Monday, November 19, 2012
Nineteen years ago, almost to the day, we lost three astronauts in a terrible accident
on the ground. But we’ve never lost an astronaut in flight. We’ve never had a tragedy
like this. And perhaps we’ve forgotten the courage it took for the crew of the shuttle.
But they, the Challenger Seven, were aware of the dangers, overcame them, and did
their jobs brilliantly.
I am an autobiographer as opposed to a fiction writer. In my case I have to remember
facts and try to use my talent or my art or my creativity to tell the truth about the
facts. I submit that there’s a world of difference between truth and fact. Fact 5 tells us
the data: the numbers, the places where, the people who, and the times when. But
facts can obscure the truth. Because I write about a time when real people were alive—
I mean, it’s not as if that is a time which I can create out 10 of the full complement of
my imagination—I have to get back to get the facts. But then I have to do something
else in order to tell the truth of the matter.
Daily Learning Target
 I can defend, through analysis of the text, that Santiago
follows the hero’s journey.
The Hero’s Journey
Review from Friday
1.How do Santiago’s thoughts and perceptions about
himself and the world begin to change on pp. 42-44?
Describe three things that Santiago sees now that he had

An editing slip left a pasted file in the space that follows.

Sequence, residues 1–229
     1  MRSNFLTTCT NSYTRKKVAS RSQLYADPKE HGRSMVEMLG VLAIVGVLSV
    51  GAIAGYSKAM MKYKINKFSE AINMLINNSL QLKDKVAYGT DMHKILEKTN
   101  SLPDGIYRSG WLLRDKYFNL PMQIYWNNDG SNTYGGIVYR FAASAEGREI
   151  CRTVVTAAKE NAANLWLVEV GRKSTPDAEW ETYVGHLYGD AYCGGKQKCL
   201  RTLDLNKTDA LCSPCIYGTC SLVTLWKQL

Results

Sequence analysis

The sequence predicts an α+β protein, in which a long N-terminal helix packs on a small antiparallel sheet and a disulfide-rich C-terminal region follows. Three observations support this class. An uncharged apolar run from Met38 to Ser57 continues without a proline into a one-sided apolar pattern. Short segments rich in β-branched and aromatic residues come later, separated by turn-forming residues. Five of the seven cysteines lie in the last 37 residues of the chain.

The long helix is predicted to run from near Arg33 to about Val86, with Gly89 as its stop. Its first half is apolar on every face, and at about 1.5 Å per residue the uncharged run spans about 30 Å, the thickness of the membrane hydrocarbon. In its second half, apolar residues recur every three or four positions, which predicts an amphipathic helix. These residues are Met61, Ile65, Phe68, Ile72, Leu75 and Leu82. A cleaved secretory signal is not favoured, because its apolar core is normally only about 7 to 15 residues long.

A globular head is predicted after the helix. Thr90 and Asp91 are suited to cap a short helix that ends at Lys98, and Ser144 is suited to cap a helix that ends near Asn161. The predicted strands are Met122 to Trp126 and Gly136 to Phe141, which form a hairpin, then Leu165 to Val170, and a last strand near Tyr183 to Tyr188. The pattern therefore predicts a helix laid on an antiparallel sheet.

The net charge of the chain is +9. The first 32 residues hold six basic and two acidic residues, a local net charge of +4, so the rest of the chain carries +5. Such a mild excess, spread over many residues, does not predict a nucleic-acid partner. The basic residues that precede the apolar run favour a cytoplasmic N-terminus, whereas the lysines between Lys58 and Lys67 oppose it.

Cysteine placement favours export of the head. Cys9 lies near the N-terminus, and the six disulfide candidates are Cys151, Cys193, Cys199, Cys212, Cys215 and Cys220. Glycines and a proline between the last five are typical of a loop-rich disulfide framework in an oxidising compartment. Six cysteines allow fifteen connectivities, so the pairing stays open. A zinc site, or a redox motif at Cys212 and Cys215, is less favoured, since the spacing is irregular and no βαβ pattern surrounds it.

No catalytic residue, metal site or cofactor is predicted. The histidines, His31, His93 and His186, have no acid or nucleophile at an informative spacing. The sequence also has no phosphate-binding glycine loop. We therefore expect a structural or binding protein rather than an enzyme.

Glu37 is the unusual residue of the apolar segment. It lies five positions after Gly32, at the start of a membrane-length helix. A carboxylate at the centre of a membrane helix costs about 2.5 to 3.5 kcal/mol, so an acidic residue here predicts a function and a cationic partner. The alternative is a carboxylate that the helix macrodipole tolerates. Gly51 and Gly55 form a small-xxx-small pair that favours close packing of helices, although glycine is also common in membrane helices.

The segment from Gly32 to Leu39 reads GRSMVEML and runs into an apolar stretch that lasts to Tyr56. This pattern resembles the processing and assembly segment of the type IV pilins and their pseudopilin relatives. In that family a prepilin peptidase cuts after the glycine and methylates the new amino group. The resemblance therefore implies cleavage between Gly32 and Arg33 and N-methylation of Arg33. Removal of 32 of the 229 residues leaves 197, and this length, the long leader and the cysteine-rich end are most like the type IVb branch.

never noticed before.
2.The Alchemist is both a fable and an allegory. Find three
examples in Part One of the moral lesson. Write down the
lesson and the page number. You will use this for a later
3.Unspoken Language- Think about the various forms of
unspoken language we experience around us every day.
What gestures, facial expressions, intuitions and signals do
we give and receive to guide us in our responses, actions,
reactions and relationships?
4.Draw a picture representation of the story up until this
point. You can draw using a comic format, stick figures, or
“real” art. Include a written description of the picture
The Alchemist
Finish reading to the star
on page 60.
Exit Slip
1. Author Paulo Coelho says that the biggest obstacle most people face in pursuing
their Personal Legend is, “the fear of realizing the dream for which we fought all
our lives.” (viii). How does this explain the Crystal Merchant’s failure to travel to
2. Coelho says another on of the most common obstacles to realizing our Personal
Legend is, “the fear of the defeats we will meet on the path” (vi). When his
money was stolen in Tangier, Santiago suffered a defeat that forced him into
taking a menial job with the crystal merchant. There, while he labored for a whole
year to earn money to return to his life as a shepherd in Andalusia, Santiago
learned many lessons on everything from the art of business to the art of
Coelho says that, while defeats are an unavoidable result of the mistakes we make
in pursuing our Personal Legends, “The secret of life is to fall seven times and get
up eight times” (vii). By the end of today’s reading, how do we know that
Santiago has learned this lesson of persistence, which is one of the most crucial to
the pursuit of his Personal Legend?

Tuesday, November 13, 2012